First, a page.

The Supreme Court has not attempted to “delimit the precise contours of the ‘abstract ideas’ category.” In other words, the Court is essentially saying “we will know it when we see it.” This presents a significant problem to inventors and patent attorneys working in the software industry.

In effect, the Supreme Court is proposing a syllogism such as the following:

  1. Patents shall not be granted on abstract ideas.
  2. X is an abstract idea.
  3. Therefore, a patent shall not be granted on X.

The problem is that the Court has not defined “abstract idea.” Furthermore, “abstract idea” is not self-defining and is not a term that is agreed to by everyone. In fact, an endless chain of assumptions must be followed in arriving at a definition. For example, a court might say: “A general purpose computer executing this software is an abstract idea.” A patent applicant then challenges this statement by saying, e.g., “how is this computer with a claimed memory, processor, input/output unit, and a specific software program “general purpose?” The Court then points to the holding in Alice that the particular claimed computer (system claim) is merely carrying out a method that is an abstract idea and the patent attorney is just re-writing the same general purpose method as a system claim and that including hardware elements does not transform the system claim from an abstract idea. This is circular reasoning.

Until the Supreme Court or Congress defines more clearly what an “abstract idea” is, inventors of software patents should focus their efforts either on a special-purpose computer executing the claimed software or on a general purpose computer executing software that transforms a particular physical object from one state to another. Another possible strategy would be to file two patent applications: one with system claims and another with method claims. This might avoid the U.S. Patent Office concluding that the inventor/draftsman has merely artfully attempted to avoid the subject matter ineligibility of the method claims in the same patent application.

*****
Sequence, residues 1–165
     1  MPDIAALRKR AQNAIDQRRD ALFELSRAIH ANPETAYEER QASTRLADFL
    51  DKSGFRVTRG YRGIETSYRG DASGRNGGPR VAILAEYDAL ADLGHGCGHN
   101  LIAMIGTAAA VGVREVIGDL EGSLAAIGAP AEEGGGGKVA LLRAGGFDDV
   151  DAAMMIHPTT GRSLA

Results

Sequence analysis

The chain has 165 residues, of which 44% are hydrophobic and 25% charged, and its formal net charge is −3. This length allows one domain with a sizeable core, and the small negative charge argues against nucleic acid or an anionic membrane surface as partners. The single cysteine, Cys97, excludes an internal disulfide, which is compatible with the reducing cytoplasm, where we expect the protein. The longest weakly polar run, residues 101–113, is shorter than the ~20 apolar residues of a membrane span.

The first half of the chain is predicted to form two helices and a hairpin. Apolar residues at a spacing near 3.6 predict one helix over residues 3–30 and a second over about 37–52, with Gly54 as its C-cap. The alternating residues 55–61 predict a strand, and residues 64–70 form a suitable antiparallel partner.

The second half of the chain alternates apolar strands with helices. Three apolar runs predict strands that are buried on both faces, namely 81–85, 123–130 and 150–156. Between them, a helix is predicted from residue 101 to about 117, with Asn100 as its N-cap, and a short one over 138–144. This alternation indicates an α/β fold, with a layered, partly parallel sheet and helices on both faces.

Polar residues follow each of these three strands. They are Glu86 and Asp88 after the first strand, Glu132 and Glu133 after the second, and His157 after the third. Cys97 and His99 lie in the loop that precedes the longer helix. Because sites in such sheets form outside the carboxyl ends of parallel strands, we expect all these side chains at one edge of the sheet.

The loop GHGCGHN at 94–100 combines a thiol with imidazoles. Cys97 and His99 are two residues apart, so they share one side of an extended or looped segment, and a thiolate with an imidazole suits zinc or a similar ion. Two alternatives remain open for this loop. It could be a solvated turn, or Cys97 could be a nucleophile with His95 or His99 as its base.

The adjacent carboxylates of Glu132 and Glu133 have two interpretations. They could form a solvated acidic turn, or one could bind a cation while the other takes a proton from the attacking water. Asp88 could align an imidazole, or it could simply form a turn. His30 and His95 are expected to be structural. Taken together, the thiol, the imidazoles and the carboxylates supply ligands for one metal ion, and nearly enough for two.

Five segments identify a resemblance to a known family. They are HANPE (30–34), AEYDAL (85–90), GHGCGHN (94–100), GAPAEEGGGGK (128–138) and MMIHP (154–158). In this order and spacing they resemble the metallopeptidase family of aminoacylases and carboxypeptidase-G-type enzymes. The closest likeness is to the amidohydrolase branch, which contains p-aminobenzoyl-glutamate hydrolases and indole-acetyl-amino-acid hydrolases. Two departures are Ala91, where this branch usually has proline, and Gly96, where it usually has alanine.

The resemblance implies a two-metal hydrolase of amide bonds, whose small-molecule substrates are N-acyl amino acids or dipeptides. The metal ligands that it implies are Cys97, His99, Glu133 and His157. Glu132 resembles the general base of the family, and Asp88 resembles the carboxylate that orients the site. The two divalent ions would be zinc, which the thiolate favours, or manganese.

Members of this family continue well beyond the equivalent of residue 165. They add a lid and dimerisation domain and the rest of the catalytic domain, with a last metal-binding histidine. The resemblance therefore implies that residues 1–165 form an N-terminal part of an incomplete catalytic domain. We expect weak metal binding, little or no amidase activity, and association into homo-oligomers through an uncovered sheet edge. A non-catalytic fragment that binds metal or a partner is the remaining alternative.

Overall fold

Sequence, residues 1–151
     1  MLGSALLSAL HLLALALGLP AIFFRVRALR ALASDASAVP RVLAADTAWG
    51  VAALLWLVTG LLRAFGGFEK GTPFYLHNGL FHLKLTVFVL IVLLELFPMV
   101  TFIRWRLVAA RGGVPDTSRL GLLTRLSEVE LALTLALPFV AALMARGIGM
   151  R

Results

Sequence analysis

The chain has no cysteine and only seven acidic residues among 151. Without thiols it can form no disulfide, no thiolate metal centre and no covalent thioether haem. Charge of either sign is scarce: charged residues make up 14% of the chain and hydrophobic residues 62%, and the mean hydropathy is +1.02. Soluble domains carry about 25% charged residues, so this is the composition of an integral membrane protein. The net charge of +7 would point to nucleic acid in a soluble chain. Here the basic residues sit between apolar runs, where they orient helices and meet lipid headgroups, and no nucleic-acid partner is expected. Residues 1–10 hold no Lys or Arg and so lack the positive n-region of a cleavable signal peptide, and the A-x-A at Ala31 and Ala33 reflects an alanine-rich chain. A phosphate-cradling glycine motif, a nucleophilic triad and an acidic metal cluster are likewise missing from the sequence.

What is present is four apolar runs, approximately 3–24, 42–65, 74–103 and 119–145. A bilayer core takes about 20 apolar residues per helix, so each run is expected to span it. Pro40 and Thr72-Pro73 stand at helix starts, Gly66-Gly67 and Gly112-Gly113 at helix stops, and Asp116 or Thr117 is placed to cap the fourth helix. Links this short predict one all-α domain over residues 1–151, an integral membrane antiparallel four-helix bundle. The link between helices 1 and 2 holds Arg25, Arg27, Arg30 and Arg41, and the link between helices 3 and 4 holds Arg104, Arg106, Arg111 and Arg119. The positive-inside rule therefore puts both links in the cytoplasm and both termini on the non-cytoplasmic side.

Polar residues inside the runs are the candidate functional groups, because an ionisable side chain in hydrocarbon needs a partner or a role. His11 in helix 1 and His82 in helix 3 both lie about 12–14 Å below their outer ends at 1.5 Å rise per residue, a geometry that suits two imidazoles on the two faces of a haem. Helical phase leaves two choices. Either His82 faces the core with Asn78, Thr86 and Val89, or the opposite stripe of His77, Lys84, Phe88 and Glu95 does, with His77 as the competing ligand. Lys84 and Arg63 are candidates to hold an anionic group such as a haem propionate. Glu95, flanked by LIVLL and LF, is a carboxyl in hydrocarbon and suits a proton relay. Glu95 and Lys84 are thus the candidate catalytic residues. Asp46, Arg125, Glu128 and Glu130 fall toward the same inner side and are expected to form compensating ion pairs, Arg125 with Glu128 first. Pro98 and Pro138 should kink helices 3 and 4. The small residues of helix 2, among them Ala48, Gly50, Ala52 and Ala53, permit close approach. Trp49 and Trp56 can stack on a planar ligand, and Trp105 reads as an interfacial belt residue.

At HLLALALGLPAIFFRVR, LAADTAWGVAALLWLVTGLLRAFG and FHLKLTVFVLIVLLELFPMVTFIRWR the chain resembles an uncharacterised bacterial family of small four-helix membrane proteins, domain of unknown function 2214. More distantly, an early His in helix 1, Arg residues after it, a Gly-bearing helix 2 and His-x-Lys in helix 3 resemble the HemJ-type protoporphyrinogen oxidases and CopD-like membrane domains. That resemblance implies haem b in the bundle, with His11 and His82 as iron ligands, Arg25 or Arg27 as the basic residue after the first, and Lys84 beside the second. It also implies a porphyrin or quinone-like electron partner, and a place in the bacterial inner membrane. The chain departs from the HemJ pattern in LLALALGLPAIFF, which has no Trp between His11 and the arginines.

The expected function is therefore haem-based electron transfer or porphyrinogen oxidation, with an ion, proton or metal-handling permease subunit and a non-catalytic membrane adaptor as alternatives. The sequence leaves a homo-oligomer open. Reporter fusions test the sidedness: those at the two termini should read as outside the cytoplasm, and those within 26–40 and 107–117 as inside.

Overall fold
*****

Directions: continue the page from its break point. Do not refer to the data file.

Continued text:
In a recent interview, the Acting Deputy Director of the U.S. Patent Office stated that the Office will be examining patent applications that may be affected by Alice and may withdraw notices of allowance for those patent applications “due to the presence of at least one claim having an abstract idea and no more than a generic computer to perform generic computer functions.” Therefore, even if an inventor has received a notice of allowance and paid the issue fee, the patent may not issue.

For further details on the Alice case at the Federal Circuit (CLS Bank Intl v. Alice Corp., 717 F.3d 1269, 106 U.S.P.Q.2d 1696 (C.A. Fed. 2013)), click here.